America keeps changing…in the same old ways. The Census Bureau’s latest estimates show that some established demographic trends continue to alter the U.S. population: The country is still getting older, and Asians remain the fastest-growing minority group.
As the Census first reported in April, Millennials are now the country’s biggest generation. Last year, 75.4 million Americans were between the ages of 18 and 34, while the baby boomer population (ages 51 to 69) stood at 74.9 million. There were more 24-year-olds living in the U.S. (4.7 million of them) than any other single age.
Those population trends will have a sizable impact on states, counties and cities across the country, especially as younger and older Americans do sometimes cluster into specific locations.
As part of its report, the Census Bureau broke out the country’s youngest and oldest counties. The nation’s youngest counties’ often have high college populations, which is the case in Lexington County, Virginia — where the median age is just 22.4 — and Madison County, Idaho, where the median age is 23.2.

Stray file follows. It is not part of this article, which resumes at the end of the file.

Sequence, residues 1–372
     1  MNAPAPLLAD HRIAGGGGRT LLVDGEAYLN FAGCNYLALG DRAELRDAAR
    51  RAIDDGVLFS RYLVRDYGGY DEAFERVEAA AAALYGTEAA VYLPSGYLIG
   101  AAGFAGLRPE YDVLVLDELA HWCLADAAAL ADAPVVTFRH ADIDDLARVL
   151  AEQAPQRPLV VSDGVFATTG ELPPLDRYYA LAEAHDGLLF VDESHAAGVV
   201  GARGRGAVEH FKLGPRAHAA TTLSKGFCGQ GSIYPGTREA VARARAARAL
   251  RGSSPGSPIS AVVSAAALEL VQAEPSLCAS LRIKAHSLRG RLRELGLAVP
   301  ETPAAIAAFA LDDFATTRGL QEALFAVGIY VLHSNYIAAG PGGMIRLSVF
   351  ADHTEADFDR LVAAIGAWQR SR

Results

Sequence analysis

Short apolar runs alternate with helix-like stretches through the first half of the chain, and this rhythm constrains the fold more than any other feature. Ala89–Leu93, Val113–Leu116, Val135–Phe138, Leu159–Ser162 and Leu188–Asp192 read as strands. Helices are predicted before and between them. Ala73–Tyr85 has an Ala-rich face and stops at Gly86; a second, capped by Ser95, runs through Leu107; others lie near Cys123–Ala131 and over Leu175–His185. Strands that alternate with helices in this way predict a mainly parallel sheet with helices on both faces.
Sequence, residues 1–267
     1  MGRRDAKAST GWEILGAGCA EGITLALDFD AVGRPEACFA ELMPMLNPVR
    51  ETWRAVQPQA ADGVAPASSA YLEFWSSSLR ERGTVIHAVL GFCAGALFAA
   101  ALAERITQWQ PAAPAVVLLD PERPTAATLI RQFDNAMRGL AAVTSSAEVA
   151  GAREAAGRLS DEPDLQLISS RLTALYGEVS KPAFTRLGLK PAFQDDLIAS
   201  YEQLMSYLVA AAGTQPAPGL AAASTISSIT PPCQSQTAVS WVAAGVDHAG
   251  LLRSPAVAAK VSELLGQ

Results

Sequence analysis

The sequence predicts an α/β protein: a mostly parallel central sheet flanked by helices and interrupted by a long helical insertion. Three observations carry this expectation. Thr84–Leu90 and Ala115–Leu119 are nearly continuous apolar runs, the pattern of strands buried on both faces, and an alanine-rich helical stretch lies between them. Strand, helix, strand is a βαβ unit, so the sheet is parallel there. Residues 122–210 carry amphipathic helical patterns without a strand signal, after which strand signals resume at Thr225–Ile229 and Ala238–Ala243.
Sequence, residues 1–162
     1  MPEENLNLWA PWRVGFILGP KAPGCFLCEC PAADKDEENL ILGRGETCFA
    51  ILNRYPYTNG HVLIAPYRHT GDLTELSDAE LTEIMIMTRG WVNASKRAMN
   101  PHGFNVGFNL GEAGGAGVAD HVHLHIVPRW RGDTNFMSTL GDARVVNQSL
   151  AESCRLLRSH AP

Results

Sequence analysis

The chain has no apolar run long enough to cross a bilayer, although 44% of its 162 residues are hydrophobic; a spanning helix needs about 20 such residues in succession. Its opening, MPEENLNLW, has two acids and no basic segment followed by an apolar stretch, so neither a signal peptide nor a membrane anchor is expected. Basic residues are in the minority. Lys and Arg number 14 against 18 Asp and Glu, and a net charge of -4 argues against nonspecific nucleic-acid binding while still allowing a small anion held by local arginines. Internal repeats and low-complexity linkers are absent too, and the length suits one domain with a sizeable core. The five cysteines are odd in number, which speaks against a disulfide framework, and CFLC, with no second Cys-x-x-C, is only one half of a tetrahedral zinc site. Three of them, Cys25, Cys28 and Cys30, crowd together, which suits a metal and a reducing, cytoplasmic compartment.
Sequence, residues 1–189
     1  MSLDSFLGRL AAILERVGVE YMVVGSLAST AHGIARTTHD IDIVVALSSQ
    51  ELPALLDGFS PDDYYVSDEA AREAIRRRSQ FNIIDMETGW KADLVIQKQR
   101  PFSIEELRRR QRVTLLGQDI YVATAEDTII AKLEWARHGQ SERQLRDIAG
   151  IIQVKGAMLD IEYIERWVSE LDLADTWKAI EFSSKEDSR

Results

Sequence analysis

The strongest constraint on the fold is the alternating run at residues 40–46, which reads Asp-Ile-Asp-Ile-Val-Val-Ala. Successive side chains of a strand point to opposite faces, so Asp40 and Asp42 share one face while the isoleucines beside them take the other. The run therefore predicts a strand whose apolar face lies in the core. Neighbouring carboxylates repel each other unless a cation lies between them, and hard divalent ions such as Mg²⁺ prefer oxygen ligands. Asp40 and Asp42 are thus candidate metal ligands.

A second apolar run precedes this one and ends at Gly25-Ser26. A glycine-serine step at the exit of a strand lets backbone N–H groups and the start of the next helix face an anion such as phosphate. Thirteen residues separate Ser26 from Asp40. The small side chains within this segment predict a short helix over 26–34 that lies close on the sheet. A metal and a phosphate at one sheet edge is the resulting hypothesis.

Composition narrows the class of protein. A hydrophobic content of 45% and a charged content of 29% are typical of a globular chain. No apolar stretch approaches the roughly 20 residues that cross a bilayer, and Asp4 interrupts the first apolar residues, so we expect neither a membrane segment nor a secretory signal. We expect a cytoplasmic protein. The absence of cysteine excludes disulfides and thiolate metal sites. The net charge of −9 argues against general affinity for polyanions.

At the other end of the spectrum, Sumter County, Florida — home to retiree haven The Villages — has a median age of 66.6 years, making it the only county in the U.S. where the median age exceeds retirement age. More than half the residents, 55 percent, are 65 or older. One result of that: In 2012, only 39.7 percent of Sumter County’s population was part of the labor force.
The only other county in the nation with a median age above 60, for now, is Catron County, New Mexico. The rural mountain community, with a population of 3,600, has a median age of 60.1 years, the result of an exodus of young people in the late 1990s when the U.S. Forest Service severely limited logging.
Here are the youngest and oldest counties in the country: